Jay was older than me by a few years, and he often found odd jobs helping folks a town or two over with yard work and such. Like my mother, Jay stayed busy with work to help out. He’d ride his matte black bicycle that was two sizes too small for him for hours on the weekends, often only making as little as ten dollars. He’d ride the calories off his body before his teenage metabolism even had a chance to put them to work. That ten dollars was the difference between having bread, and having bread with cheese on it. I hadn’t seen my brother in four years, and it had been as long since my Ma or I had eaten a cheese sandwich.
In all the years we’d lived in this house I can say with certainty that the superintendent Hughes Jackson hadn’t replaced a single screw or lock or broken window in it. He called the bullet holes scattered throughout the windows, ‘air conditioning.’ Hughes was a haggard older man in his fifties, pot bellied, and stagnant in disposition. He’d inherited the position of super after his father died of emphysema almost a decade ago. If we wanted anything fixed we had to be willing to give him something in exchange. My Ma forbade me from bargaining with the man that smelled of cigarettes and stale sweat.
“Arie, when you bargain with the devil hell is what you’ll get. We won’t ask that man for nothin’.” Ma’s twang never stopped her from sounding like the smartest person I’d ever heard speak in my life. We were ordinary people sure, but we liked books just as much as others did.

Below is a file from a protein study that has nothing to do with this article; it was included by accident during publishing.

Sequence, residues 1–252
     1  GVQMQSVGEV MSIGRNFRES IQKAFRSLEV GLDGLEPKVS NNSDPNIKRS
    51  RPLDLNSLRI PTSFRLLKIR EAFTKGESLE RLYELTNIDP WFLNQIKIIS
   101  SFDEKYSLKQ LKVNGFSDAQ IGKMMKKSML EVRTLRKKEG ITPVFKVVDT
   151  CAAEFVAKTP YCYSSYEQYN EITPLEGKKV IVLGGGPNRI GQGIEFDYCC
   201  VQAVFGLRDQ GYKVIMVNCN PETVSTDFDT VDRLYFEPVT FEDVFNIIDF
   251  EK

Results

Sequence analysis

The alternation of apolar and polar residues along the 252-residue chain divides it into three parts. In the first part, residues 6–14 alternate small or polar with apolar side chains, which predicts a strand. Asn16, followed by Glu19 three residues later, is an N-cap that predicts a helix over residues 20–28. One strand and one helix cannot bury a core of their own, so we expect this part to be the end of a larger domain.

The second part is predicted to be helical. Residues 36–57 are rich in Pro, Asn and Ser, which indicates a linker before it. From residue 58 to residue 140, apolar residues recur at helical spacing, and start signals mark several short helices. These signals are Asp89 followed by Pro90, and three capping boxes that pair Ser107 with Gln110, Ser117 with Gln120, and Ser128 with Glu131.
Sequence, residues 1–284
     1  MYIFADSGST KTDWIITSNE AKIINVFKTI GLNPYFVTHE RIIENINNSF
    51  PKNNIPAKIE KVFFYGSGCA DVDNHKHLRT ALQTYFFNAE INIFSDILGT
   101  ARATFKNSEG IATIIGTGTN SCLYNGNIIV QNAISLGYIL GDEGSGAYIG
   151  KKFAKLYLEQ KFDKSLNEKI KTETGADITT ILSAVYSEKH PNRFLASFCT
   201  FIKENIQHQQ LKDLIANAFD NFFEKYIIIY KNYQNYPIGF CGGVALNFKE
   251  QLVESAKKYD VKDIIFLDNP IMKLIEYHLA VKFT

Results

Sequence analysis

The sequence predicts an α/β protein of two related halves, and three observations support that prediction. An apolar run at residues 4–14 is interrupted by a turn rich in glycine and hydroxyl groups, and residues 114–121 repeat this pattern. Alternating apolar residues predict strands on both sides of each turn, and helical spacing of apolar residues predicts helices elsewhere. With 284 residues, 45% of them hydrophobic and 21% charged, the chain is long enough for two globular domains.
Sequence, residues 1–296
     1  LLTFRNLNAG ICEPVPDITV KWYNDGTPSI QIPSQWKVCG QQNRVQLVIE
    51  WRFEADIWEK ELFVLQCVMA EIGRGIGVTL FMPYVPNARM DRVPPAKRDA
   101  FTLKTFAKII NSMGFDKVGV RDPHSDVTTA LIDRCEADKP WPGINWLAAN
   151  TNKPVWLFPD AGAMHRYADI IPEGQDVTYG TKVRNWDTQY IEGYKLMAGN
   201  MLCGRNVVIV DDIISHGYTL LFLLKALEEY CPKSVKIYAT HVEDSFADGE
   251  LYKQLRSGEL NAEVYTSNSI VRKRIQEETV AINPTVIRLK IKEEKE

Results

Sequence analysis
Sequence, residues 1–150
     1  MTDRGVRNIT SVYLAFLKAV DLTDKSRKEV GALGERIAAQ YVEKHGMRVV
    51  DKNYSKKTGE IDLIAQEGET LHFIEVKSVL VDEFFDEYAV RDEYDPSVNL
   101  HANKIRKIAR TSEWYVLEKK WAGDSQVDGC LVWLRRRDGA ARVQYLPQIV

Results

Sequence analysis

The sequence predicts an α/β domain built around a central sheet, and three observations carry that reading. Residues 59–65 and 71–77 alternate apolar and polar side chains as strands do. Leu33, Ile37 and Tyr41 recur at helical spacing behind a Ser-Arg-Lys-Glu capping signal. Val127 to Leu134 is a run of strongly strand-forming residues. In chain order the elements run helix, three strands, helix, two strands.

She had a way with words that made me listen. I knew there had to be a way to get the plumbing fixed in our place. I didn't know what would be scarier, bargaining with the devil Hughes for better pipes or dealing with the sentencing my Ma would dole out to me if she found out. Rumor had it that Shirley Stackmore, quarter mile down the road had traded favors of the womanly sort with Hughes to get a new lock on her front door. Hughes' heart held no compassion for those of us that existed as we did. Even though we had lived in the same broken part of the world, and were equal in what we didn't have.
“Ma, the sink still ain’t workin’.” Ma just nodded, grabbed her coat and headed out the door starting her 2 mile walk to the mill for her twelve hour shift. Once she was gone, I figured I might as well water my herbs. Praying to a god I knew did not exist, I wished the water to run clear.
Rusty sludge. Again.
Hitting the faucet and kicking the cupboard didn’t make me feel better, but my anger had to go somewhere. My name meant “Lion of God,” and I was known for the occasional roar when I’d been pushed too far. Ma had named me Arie because she said I came into this world roaring like a lion, just spitting mad at the eviction I’d been given from the comfort of her womb.
That’s it, I’m going to see Hughes.
I gave myself a good five minutes before I shimmied my way through the back wooded area to get to Hughes place. It was a good fifteen minutes on foot if you used the gravelled road, but I was trying to stay unseen so I had about thirty minutes through the brush and leaves. It didn’t matter, the longer walk gave me time to think of the case I was going to present.